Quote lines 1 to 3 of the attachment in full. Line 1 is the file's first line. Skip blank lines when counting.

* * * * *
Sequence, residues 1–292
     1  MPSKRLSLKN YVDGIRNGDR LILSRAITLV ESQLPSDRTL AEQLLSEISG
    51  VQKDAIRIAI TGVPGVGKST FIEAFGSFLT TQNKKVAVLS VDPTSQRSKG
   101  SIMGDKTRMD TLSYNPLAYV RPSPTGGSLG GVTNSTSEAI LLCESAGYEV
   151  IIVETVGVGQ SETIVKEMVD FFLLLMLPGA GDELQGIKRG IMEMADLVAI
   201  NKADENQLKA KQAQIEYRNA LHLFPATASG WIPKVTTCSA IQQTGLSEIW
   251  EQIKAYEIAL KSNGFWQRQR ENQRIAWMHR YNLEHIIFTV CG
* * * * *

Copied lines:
Sequence, residues 1–292
     1  MPSKRLSLKN YVDGIRNGDR LILSRAITLV ESQLPSDRTL AEQLLSEISG
    51  VQKDAIRIAI TGVPGVGKST FIEAFGSFLT TQNKKVAVLS VDPTSQRSKG